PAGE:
You can avoid this by protecting mobile apps and exposed APIs, and regularly inspect traffic sources searching for spikes, and then blocking those proxy services and hosting providers.
Threat #6: Social Engineering
Social engineering is a comprehensive technique for getting access to money, systems, or assets via dishonesty at a social level rather than directly using technology. Phishing is one of the most common types of social engineering that involves pretending that someone is reliable when communicating with someone and misusing that trust forgetting something.
In the near past, phishing usually occurred via letters, phone calls, and also through house visits. A phishing attack example is like a callings person and claiming to be from the bank saying they want to approve credit card information. When eCommerce and online shopping developed and became more widespread, it grew more complicated.
Threat #7: Phishing & Spam
Getting false “you must take action” emails, either to your customers or company is a mostly-used trick and kind of deception used by hackers and spammers. It does need follow-through and accidentally offering your personal identification information or login information. The key solution here is to educate customers and train your employees.
Text boxes and contact forms for blog comments are also open to spammers. They can drop infected links that someone can click, ruining site security and your company’s reputation. These are also known as SQL injections; the cyber-criminals want to get access to your databases through query forms. These links silently wait in inboxes for employees and can disturb the speed of the website. You should do proper training of employees and anti-virus software and downloading spam filtering tools, regularly updating it.
Threat #8: Man-In-The-Middle (MITM) Attacks
A Man-in-the-middle attack is known to occur when someone with malevolent intent enters into a discussion among two parties, imitates both of them, and get information these two parties are sending each other. The exciting feature of this situation is that maybe both parties are not aware of the man-in-the-middle.
If in case a man-in-the-middle situation occurs to your site, the man in the middle can send you an email, that would look genuine. It is also probable that the man-in-the-middle has made a site that looks very similar to the website of your bank, so you would not falter to enter your authorizations and confidential information. There are various kinds of man-in-the-middle attacks, such as DNS spoofing, IP spoofing, stealing browser cookies, SSL hijacking, HTTPS spoofing, and email hijacking.
Threat #9: Malware & Trojan Horses
There are various kinds of malware that want to enter the backend of your site to steal confidential and private customer information and site data.
Customers and admins may have downloaded Trojan Horses on systems. It is one of the wickedest network security risks where these programs are used by the attackers to swipe private information easily from their systems.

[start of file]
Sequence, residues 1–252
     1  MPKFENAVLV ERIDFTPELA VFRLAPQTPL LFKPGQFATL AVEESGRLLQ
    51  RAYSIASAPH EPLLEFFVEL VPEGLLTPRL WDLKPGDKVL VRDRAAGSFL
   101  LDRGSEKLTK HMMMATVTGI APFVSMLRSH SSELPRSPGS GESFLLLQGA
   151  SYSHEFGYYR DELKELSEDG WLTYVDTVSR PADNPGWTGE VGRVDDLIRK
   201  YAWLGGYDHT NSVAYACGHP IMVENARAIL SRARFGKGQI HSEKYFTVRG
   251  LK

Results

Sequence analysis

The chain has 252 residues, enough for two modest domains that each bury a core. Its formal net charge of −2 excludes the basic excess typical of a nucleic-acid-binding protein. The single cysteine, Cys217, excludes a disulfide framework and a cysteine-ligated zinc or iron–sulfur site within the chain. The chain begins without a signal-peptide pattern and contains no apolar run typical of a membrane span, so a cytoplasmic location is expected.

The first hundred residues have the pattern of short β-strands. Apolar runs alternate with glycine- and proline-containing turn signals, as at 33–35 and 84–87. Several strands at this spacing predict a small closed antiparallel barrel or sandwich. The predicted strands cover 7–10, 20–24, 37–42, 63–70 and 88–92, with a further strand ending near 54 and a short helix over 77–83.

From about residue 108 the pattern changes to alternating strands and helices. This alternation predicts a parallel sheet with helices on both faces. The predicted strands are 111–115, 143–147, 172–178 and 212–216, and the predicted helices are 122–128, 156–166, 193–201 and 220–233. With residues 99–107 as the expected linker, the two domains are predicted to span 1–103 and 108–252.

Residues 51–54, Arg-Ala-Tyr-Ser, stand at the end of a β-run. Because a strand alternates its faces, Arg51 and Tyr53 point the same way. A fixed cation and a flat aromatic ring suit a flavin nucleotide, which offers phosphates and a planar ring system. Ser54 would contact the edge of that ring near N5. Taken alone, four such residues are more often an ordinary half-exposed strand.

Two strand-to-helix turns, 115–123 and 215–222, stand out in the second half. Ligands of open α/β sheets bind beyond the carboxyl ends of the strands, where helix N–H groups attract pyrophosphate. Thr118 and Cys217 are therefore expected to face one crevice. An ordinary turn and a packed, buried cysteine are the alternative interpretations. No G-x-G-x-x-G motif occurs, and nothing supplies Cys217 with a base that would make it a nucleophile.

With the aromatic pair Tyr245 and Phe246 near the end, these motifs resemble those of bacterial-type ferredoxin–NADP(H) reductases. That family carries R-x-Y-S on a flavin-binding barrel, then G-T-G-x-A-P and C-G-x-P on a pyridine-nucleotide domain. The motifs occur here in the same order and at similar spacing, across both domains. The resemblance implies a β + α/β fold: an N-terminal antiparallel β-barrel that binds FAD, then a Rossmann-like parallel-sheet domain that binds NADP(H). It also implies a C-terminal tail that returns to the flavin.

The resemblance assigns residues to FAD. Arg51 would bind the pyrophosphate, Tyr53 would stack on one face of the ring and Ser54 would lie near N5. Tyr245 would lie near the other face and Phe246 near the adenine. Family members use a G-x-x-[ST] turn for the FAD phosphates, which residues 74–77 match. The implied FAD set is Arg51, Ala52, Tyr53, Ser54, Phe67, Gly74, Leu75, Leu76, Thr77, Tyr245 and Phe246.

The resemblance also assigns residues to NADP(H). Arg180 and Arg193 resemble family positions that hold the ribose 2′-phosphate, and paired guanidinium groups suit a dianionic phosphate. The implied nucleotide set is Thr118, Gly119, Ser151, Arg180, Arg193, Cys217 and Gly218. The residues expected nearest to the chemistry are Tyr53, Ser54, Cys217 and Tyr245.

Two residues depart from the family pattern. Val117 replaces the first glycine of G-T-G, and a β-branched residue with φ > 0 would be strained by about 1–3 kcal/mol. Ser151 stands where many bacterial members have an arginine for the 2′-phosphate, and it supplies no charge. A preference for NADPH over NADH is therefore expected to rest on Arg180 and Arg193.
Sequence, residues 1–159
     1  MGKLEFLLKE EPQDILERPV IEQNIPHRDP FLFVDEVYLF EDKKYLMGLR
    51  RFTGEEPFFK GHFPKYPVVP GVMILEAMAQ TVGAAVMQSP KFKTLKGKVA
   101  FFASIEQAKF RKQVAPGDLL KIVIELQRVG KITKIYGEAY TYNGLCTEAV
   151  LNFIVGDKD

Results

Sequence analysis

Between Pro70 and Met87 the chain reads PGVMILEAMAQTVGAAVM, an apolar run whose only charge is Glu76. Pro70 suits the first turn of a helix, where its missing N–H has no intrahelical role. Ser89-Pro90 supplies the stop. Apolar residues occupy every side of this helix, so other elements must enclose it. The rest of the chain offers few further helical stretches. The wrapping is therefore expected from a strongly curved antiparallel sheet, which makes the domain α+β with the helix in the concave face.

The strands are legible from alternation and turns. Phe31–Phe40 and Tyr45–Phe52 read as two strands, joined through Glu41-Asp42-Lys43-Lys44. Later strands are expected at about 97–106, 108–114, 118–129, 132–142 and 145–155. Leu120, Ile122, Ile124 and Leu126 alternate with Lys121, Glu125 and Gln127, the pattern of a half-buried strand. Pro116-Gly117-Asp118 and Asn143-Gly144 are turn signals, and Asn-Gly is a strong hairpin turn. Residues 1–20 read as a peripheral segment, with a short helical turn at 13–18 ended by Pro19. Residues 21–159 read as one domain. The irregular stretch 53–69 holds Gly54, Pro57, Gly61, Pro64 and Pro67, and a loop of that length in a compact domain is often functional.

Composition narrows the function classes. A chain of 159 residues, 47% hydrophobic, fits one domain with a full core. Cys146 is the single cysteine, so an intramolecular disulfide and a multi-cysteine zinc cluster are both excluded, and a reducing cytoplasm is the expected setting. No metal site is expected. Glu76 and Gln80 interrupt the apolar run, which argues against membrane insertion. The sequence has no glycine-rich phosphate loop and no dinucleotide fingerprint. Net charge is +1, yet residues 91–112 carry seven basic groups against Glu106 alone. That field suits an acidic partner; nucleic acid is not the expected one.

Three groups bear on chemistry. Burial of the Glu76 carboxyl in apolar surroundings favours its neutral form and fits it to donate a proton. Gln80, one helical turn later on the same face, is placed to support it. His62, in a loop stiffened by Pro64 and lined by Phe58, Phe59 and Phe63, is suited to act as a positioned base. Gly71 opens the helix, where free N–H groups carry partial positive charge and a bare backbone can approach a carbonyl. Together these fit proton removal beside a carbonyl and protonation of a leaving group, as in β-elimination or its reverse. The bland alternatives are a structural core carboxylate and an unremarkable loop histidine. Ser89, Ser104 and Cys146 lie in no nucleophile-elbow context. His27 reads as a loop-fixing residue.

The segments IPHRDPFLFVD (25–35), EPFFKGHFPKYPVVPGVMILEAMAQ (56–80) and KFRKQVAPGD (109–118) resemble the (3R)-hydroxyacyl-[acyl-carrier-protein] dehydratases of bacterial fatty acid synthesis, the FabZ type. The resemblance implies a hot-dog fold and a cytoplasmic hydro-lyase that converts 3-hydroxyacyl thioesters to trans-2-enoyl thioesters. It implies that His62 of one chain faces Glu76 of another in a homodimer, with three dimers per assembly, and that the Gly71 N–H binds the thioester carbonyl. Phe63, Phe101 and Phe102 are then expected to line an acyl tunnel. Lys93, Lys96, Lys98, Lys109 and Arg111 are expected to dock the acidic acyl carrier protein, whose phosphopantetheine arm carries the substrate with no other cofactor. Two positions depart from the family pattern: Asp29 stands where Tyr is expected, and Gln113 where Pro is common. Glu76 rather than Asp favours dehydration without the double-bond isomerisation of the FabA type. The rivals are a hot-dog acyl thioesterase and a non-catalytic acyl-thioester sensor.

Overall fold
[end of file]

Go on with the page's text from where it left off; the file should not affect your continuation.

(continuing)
Threat #10: SQL Injections
SQL injections are cyber-attacks planned to get into your database by targeting query submission forms. They insert malevolent code in the database, gather the data and later on can also delete it. In the SQL injection attack, a third party can use SQL commands to get into the database backend without any permission. This is usually happening when websites integrating user-inputted text directly in a SQL query and running this query against their database. SQL injections are notoriously hard to identify. Different from the remote code injection, cross-site scripting, and other infections, SQL injections are susceptibilities that do not leave any hints on your server.
Threat #11: Blocking Cart
Anyone who ever shopped online understands the significance of an online cart. Though, hackers can really block the cart by inserting many products in it via numerous IP addresses. It also pushes the online cart limit and your product will show out of stock to the customers on your online store.
These are known to be malevolent bots whose major target is to stop clients from shopping products from a specific e-commerce store. Furthermore, these reasons severe harm to the shopper, as they feel frustrated and annoyed with the site and move to a competitor’s store for shopping. As a consequence, you lose a large customer base to the competitors.
Threat #12: Malicious Threats & Poor Management
Another major ecommerce security threat you should be careful about is malicious software. These typically comprise worms, Trojan horses, and viruses. All of them pose a serious hazard to your site and system. Viruses are usually presented in the system via external sources. When they are successful getting into your network, they can totally destroy the system from the inside by files corrupting and unsettling the operations of the e-commerce store.
Worms are very different from viruses, as they don’t need a host and can be spread directly from the internet. They are more lethal as compared to viruses as they can infect lots of computers in a matter of hours. Trojan horses are fundamentally programs intended to perform huge destruction. This threat root lies in the file downloaded, henceforth teaching us to always look for where the file downloaded originates.
The main reason why e-commerce stores have to experience internet security threats is insufficient management. Sometimes the management gives priority to other things than e-commerce store security, these kinds of businesses expose their system to security risk.
You have to assign proper funds for regular security checkups or anti-virus software, otherwise, there will be data security threats around the corner, ready to attack your site and systems.